In the UK market,
warm summer weather led to a sales increase of 
23% for frozen sweets and 10% for chilled drinks.
In the US do-it-yourself market, stores reported falling sales of outdoor
product categories due to 
poor weather

In the automobile industry, sales of convertibles increase by 5.4% when
the temperature rises. In the US and Canada,
McDonald’s added technology that allowed them to recommend products based on outside
temperatures, but not adjust pricing.

Optimising profits
based on the weather

Despite the clear influence of the weather on the sales of certain products,
firms’ decisions on price, advertising or promotions can often be more a matter
of habit than reason. Indeed, several marketing departments’ practices show
that the links between the marketing decisions and the weather are still poorly
understood. Understanding these links would give them a framework to better
take the weather into account, and thus potentially increase sales and

In a recent study, we help fill this gap by
studying how price and advertising expenses can be adjusted to the outside
temperature for “weather-sensitive” products.

The mapping of prices of such products on the French market shows discrepancies
in the order of 20% within a same geographical region and between regions.
Advertising expenditures can be concentrated on certain months of the year,
sometimes reaching more than twice the annual average. Our study helps
companies understand whether these practices of modulation in price and in
advertising expenses are justified and how they can be optimised in relation to
outdoor temperature.

Theoretical results of our study show that when the outside temperature
increases, price and advertising expenditures should be increased when:


Demand is relatively insensitive to price changes;


Demand more sensitive to price changes than to advertising changes –
that is, an increase in price impacts demand more than an increase in
advertising expenditures of the same intensity.



Yop yogurt as the
case study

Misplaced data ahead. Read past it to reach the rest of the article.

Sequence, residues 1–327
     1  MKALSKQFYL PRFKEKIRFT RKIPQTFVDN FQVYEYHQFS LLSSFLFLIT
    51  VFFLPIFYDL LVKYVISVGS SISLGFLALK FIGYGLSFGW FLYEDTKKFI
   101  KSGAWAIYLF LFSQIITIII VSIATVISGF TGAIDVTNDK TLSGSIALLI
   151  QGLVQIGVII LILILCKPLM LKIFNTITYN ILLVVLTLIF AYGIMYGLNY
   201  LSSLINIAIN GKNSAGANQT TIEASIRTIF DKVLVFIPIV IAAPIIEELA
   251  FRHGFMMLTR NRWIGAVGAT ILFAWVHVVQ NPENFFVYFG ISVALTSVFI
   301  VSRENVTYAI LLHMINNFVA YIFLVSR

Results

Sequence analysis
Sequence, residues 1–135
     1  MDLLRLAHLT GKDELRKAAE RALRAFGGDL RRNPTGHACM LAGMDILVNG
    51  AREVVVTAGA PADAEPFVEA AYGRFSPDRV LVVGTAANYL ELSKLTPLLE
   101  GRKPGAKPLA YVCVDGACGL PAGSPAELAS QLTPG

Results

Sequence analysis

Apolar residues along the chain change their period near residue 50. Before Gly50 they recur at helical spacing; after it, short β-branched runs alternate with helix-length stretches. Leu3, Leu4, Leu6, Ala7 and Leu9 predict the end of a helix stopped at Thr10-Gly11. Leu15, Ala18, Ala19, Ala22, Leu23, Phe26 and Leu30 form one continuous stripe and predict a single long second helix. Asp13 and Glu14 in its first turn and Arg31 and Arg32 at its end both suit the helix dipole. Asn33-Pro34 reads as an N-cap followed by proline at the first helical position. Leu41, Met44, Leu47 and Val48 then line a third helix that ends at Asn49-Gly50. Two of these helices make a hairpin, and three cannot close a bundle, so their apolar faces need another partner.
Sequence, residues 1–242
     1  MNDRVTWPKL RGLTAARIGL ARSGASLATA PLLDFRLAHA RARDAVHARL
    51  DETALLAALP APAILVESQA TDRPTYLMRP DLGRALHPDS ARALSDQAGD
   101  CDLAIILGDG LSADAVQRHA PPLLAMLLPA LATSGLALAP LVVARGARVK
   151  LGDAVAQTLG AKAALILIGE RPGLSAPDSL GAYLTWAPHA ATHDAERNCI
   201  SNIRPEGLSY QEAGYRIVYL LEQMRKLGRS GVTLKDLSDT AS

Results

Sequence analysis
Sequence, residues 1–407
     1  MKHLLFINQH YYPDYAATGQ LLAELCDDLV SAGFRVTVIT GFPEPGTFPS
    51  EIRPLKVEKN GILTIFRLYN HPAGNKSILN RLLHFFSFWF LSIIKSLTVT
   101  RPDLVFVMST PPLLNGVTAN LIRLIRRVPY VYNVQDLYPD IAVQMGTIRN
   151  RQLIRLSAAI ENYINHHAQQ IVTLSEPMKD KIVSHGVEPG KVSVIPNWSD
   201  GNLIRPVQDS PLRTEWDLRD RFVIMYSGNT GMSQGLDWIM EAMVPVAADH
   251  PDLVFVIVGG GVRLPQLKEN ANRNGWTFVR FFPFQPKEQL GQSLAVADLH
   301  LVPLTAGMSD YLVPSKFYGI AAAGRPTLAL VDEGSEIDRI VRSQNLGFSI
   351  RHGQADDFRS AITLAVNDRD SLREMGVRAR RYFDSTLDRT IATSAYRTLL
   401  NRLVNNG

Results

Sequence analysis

We empirically tested our theoretical results for a well-known product in the
French FMCG market, the drinkable yogurt Yop. The
data used in our analysis included more than 1,300 sales and price observations
over a period of three years at nine different regional levels as well as
advertising expenses and outdoor temperature recordings from 1,100 weather
stations all over the French metropolitan territory. We studied the
relationship between temperature and price on the one hand, and between
temperature and advertising expenditures on the other.

Estimates show that Yop’s demand is consistent with our theoretical model. It
is not particularly price-sensitive (when price rises by 10%, demand falls only
by 5%) and more sensitive to price than to advertising (when advertising
expenditures rise 10%, demand increases by less than 1%). Most important, the
price and the advertising expenses were shown to increase with the temperature.

The ConversationIn sum, our
study can help firms better set prices and advertising expenditures according
to temperature. For brand products (monopolistic markets), the warmer it gets,
the greater firms’ ability to increase prices and advertising while increasing
sales. In such markets, rising temperatures strengthens the market power of
brands. For managers and their consulting firms, our study provides conceptual
tools confirmed by an empirical analysis that can lead to better-informed price
and advertising decisions and, ultimately, improve profits.